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Sci Rep. 2016 Nov 2;6:36201. doi: 10.1038/srep36201.

CathepsinKCre mediated deletion of βcatenin results in dramatic loss of bone mass by targeting both osteoclasts and osteoblastic cells.

Author information

1
Instituto de Investigación Marqués de Valdecilla, IDIVAL, Cardenal Herrera Oria s/n. 39011 Santander, Spain.
2
Department of Internal Medicine, HUMV, Hospital Universitario Marqués de Valdecilla, Avenida de Valdecilla s/n, 39008 Santander, Cantabria, Spain.
3
Instituto de Biomedicina y Biotecnología de Cantabria, IBBTEC (CSIC-SODERCAN-Universidad de Cantabria). Albert Einstein 22, 39011 Santander, Spain.
4
Center for Osteoporosis and Metabolic Bone Diseases, University of Arkansas for Medical Sciences and the Central Arkansas Veterans Healthcare System, Little Rock, AR, USA.
5
Departamento de Medicina y Psiquiatría. Facultad de Medicina. Universidad de Cantabria, Cardenal Herrera Oria, s/n. 39011 Santander, Spain.
6
Red Temática de Investigación Cooperativa en Envejecimiento y Fragilidad (RETICEF), Avenida de Valdecilla, s/n. Santander 39008, Spain.
7
Departamento de Anatomía y Biología Celular, Facultad de Medicina, Universidad de Cantabria, Cardenal Herrera Oria, s/n. 39011 Santander, Spain.

Abstract

It is well established that activation of Wnt/βcatenin signaling in the osteoblast lineage leads to an increase in bone mass through a dual mechanism: increased osteoblastogenesis and decreased osteoclastogenesis. However, the effect of this pathway on the osteoclast lineage has been less explored. Here, we aimed to examine the effects of Wnt/βcatenin signaling in mature osteoclasts by generating mice lacking βcatenin in CathepsinK-expressing cells (Ctnnb1f/f;CtsKCre mice). These mice developed a severe low-bone-mass phenotype with onset in the second month and in correlation with an excessive number of osteoclasts, detected by TRAP staining and histomorphometric quantification. We found that WNT3A, through the canonical pathway, promoted osteoclast apoptosis and therefore attenuated the number of M-CSF and RANKL-derived osteoclasts in vitro. This reveals a cell-autonomous effect of Wnt/βcatenin signaling in controlling the life span of mature osteoclasts. Furthermore, bone Opg expression in Ctnnb1f/f;CtsKCre mice was dramatically decreased pointing to an additional external activation of osteoclasts. Accordingly, expression of CathepsinK was detected in TRAP-negative cells of the inner periosteal layer also expressing Col1. Our results indicate that the bone phenotype of Ctnnb1f/f;CtsKCre animals combines a cell-autonomous effect in the mature osteoclast with indirect effects due to the additional targeting of osteoblastic cells.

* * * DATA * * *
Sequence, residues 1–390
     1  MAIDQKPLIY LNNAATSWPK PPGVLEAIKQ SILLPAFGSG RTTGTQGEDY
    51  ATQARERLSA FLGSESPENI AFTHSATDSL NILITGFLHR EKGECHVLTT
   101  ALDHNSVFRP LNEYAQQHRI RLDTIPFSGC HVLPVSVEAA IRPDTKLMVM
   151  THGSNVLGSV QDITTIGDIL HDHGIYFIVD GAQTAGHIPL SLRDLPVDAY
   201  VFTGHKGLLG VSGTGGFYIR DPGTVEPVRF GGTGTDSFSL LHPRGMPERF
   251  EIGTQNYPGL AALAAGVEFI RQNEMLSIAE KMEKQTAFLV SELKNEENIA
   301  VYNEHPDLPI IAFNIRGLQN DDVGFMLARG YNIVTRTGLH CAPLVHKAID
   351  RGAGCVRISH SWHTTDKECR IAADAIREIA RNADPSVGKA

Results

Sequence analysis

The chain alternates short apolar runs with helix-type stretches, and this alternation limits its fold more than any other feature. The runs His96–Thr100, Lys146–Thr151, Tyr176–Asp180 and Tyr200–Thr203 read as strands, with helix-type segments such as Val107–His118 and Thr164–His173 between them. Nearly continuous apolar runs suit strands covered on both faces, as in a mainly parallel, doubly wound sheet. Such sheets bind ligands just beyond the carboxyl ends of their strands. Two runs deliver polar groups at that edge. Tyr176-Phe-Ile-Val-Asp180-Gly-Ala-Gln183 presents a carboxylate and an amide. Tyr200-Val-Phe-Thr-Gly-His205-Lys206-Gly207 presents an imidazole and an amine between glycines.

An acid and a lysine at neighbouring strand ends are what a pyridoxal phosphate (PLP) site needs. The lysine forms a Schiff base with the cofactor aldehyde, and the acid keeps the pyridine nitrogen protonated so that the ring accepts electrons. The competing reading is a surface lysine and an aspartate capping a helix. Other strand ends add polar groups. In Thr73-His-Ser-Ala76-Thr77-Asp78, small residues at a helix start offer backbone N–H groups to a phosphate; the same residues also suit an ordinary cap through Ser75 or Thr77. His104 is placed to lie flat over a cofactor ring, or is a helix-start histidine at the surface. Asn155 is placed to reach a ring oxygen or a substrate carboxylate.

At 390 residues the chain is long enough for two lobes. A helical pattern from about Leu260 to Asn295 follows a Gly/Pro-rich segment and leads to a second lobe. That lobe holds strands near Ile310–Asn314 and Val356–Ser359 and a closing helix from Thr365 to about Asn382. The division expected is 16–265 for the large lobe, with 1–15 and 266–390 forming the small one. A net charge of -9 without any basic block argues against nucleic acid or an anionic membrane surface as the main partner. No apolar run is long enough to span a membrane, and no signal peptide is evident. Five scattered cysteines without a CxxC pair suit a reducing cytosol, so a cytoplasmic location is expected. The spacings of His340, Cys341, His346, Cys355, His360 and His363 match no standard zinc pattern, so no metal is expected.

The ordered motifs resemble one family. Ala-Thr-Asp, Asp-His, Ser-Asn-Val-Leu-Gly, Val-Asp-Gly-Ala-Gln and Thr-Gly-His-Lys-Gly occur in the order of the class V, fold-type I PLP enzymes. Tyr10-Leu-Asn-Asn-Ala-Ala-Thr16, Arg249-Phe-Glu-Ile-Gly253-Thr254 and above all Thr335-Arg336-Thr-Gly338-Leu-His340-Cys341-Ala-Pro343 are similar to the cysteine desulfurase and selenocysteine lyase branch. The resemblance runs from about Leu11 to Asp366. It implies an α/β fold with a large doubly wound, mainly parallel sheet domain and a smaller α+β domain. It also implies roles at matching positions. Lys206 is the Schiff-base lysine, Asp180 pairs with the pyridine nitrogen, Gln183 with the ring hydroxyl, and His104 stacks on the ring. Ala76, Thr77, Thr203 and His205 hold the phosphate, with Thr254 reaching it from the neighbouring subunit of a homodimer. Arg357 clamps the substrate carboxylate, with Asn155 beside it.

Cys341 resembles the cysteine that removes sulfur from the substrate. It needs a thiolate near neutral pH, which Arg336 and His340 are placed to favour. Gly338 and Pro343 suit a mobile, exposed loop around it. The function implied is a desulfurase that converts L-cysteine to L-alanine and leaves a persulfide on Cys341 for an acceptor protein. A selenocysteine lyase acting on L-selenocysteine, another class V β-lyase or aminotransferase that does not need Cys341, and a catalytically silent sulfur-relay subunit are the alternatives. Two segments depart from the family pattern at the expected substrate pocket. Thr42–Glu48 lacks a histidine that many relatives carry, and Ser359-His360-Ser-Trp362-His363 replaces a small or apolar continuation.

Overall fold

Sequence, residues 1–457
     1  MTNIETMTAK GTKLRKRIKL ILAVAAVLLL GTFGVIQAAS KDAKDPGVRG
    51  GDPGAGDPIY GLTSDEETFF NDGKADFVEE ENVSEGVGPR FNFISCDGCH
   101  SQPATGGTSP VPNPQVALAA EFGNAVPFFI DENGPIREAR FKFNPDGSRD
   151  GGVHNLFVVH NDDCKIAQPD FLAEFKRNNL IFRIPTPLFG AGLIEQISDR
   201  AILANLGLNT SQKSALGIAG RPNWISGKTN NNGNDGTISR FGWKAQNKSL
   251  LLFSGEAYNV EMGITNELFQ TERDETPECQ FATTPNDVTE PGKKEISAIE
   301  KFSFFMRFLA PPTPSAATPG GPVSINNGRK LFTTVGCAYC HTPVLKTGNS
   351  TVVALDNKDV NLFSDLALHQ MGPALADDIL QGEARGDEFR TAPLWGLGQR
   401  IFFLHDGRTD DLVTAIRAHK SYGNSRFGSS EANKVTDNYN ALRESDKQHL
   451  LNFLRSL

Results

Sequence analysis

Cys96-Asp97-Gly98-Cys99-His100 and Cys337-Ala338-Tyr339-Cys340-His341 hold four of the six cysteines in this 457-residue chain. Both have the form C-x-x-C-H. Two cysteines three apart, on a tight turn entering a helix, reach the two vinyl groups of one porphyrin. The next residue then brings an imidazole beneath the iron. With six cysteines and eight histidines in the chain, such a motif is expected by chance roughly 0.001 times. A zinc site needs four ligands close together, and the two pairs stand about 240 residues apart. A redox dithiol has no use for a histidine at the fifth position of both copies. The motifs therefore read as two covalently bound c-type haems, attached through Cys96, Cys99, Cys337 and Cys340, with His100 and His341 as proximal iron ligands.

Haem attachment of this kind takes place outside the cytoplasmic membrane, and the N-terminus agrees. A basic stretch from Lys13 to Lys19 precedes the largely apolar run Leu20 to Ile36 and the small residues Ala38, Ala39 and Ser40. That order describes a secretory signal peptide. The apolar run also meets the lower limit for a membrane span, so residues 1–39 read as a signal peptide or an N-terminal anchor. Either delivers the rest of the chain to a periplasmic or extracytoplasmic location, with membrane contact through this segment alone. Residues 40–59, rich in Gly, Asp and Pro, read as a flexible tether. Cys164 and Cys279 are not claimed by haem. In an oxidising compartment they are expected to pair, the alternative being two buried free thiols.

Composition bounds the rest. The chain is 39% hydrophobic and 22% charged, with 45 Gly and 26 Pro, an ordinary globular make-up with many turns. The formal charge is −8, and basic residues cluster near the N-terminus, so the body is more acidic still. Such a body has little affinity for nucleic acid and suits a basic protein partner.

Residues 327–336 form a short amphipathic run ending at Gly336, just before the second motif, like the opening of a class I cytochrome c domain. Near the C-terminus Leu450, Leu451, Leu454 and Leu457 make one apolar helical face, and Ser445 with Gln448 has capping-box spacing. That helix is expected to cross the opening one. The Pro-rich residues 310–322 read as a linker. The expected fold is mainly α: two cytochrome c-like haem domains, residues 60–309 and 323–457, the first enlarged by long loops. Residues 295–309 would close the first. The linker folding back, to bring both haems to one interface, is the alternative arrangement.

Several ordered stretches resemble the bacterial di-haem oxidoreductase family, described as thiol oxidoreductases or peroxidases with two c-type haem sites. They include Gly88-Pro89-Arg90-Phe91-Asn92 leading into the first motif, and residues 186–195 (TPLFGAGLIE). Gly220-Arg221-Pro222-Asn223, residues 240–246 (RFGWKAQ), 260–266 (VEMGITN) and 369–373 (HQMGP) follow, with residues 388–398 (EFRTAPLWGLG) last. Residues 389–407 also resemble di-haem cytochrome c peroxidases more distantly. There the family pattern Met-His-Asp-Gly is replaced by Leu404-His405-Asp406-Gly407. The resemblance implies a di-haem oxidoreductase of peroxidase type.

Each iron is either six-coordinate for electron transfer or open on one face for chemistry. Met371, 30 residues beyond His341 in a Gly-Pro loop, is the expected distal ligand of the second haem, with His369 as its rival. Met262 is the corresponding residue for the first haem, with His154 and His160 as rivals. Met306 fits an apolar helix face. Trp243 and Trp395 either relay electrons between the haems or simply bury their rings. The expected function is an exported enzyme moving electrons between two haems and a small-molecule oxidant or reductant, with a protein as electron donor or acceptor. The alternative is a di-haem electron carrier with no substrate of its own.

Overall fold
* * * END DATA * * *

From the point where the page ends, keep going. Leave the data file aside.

PMID:
27804995
PMCID:
PMC5090355
DOI:
10.1038/srep36201
[Indexed for MEDLINE]
Free PMC Article

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